If I go 24 hours without being pitched for some seminar or another, then it must be a national holiday or a weekend. Fact is, they remain one of the most effective ways for small businesses to build interest in their product or expertise. The online versions have only increased in important because of the lingering economic malaise and businesses' interest in cutting back on business travel of all types.
Many of these marketing-focused events are free, of course, but if your company is in the business of monetizing its online sessions take note: One of the conference and webinar production services, AnyMeeting, has now integrated PayPal billing services directly into its invitation system. That means you can bill people at the time they agree to attend the event and use PayPal in addition to allowing attendees to use credit cards (if you want). AnyMeeting wil take a "convenience" fee for the transaction.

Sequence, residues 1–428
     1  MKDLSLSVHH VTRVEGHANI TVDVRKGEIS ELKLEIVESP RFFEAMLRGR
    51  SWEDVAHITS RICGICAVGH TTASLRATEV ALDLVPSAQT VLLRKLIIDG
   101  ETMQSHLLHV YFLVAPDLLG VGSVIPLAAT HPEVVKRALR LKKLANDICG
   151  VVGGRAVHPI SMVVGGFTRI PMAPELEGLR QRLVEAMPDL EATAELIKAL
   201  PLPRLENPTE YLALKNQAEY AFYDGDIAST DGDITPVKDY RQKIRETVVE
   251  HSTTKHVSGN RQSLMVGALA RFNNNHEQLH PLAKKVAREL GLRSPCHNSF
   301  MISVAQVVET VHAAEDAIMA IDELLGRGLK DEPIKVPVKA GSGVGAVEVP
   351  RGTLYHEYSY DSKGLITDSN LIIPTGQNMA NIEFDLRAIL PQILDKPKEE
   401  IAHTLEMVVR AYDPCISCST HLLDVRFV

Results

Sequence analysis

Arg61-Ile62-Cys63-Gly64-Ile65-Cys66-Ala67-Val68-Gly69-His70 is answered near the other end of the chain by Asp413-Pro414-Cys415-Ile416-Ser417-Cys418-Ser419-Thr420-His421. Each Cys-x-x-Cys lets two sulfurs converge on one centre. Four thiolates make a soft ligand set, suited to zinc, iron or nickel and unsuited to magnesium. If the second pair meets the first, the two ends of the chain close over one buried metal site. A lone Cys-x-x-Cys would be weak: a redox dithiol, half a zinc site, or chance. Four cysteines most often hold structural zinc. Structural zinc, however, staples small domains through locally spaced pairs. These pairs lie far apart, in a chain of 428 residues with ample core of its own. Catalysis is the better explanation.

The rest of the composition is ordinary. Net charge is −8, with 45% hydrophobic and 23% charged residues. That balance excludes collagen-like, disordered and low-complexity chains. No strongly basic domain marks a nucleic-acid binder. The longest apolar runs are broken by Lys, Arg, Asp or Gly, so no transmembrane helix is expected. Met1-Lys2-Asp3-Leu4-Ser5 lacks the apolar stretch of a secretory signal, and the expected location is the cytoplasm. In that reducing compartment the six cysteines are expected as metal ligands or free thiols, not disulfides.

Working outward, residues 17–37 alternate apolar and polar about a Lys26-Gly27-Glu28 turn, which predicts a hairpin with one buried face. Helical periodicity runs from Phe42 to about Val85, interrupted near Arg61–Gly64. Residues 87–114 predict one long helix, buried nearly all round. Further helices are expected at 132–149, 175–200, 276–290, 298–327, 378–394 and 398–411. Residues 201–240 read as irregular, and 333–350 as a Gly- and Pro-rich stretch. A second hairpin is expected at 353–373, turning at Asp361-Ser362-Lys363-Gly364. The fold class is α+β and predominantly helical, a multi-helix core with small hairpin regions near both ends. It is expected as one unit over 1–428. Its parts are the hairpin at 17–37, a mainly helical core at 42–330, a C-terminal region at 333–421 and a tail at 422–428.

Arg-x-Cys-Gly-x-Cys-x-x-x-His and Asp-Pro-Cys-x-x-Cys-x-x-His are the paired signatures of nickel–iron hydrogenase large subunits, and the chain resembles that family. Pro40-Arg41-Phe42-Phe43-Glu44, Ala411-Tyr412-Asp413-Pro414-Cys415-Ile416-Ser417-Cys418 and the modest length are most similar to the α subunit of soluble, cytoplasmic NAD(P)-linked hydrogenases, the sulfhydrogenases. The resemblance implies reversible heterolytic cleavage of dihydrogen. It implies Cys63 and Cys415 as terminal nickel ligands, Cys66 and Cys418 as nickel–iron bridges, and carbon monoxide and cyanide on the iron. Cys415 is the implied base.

The company said the new feature was added in response to customer requests.
I did some quick poking around, and as you might suspect there are a few other conferencing services that offer e-payment integration. Among the ones that I found pretty quickly were InstantPresenter, Webconference.com, VideoSeminarLive and DoConference. Where you won't find this integration is on some of the services offered by the "big guys." I was hard-pressed to find any evidence of this feature in GoToWebinar or WebEx.
AMI Research figures that the market for Web conferencing will grow at a compound annual growth rate of more than 22 percent between 2009 and 2014. Something like 20 percent of information workers and close to one-third of senior staff members at your typical company participate in a Web conference on a daily basis. If you are with an SMB that is trying to leverage this trend -- and monetize some of your events or seminars -- you definitely should ask your conferencing vendor about PayPal integration.